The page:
Soybean sudden death syndrome (SDS) is widespread in Iowa. This year has had one of the worst epidemics since the disease was found in Iowa in 1994. Severely infested soybean fields can be found in every region in Iowa. It is easy to spot brown patches caused by SDS while you are driving the highways. Fields with large portions of premature defoliation can be found in early August.

The disease can be a big surprise to us. We had good planting, enjoyed wonderful soybeans in July and were expecting good yield; and some may have made marketing moves. Then SDS suddenly turns the fields brown with sick-looking plants in August. It struck us, in many ways, like white mold.

Many contribute this year’s SDS outbreaks to flooding. However, flooding is not the reason for a major outbreak. Remember, 2008 was a flood year with high prevalence of SDS, but the disease that year caused less damage than this year. Spring and June conditions this year are the key to setting up this epidemic. Predictions made in February suggested that all parameters for this disease in the growing season were right for a widespread outbreak.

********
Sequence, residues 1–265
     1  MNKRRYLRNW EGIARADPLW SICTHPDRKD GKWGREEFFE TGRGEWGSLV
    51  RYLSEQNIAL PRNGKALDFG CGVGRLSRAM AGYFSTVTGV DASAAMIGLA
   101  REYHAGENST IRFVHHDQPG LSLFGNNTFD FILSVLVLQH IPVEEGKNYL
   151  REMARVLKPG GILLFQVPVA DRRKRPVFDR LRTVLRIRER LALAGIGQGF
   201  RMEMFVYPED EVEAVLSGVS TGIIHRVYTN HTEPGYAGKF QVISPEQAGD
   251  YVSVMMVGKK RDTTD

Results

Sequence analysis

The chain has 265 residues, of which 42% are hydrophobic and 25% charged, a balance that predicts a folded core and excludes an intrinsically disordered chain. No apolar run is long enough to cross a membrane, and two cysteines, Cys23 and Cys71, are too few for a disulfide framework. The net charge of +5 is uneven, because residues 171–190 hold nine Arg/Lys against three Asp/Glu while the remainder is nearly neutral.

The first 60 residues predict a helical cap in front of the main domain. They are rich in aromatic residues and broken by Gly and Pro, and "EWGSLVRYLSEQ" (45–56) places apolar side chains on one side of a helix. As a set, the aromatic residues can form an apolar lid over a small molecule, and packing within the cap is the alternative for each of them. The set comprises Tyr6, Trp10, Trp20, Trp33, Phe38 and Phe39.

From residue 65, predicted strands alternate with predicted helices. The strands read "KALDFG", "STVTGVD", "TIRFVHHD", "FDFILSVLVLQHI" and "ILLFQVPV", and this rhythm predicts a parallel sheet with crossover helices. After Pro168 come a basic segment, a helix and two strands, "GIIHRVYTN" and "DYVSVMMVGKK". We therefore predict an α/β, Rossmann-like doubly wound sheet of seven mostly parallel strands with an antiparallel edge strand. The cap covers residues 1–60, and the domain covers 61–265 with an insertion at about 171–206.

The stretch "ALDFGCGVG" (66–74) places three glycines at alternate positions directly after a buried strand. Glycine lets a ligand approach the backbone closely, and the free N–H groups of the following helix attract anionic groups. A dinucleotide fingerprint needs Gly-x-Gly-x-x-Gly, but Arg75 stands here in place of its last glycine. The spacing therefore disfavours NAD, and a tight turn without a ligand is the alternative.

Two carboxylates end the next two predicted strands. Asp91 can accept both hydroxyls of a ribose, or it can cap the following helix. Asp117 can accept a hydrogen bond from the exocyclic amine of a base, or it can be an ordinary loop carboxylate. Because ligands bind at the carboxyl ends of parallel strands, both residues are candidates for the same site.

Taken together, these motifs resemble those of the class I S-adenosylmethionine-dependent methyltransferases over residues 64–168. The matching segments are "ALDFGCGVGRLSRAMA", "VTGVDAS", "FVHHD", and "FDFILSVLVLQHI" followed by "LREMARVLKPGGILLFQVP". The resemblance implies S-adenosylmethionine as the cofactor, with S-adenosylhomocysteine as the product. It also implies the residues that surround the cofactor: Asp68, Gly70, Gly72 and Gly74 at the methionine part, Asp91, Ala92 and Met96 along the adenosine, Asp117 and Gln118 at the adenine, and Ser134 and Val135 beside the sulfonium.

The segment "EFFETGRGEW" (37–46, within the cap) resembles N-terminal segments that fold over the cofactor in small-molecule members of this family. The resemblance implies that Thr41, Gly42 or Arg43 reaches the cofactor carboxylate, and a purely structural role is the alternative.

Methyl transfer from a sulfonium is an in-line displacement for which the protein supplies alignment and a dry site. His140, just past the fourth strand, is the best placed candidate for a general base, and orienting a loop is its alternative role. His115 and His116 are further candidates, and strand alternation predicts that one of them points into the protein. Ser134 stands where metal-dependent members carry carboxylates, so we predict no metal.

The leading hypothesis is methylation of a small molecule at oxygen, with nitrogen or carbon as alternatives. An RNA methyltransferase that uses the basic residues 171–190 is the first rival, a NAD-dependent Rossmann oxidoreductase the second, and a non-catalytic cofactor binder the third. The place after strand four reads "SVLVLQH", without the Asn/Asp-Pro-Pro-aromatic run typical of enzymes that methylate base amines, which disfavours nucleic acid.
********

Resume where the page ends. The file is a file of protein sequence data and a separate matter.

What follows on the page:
What can we do to minimize the disease this season?
There is nothing we can do about it with current measures. Everything we can do should have been done before or at planting.

Can we spray fungicide to reduce losses?
No. No chemical sprays are effective in controlling this disease. It is a waste of money.

What kind of yield losses can be expected?
The losses vary from field to field and area to area, depending at what growth stage the disease shows up and how large an area is affected. I have seen losses as high as 30 bu./acre in severely infected fields. Sometimes the losses are minimal if the disease shows up in later August. Generally severe premature defoliation can lead to 10-bu. losses.

What can we do now?
This year is a very good year to polish your SDS management skills, especially variety selection. Use local information for variety selection. Resistance information from other states, especially from field tests done in southern regions, has little use in Iowa and sometimes can be misleading, as this disease is very environmentally dependent. Look at the fields around your farm – healthy-looking, SDS-free soybeans in flat or lowland fields that were planted earlier. That field likely has a good variety for you.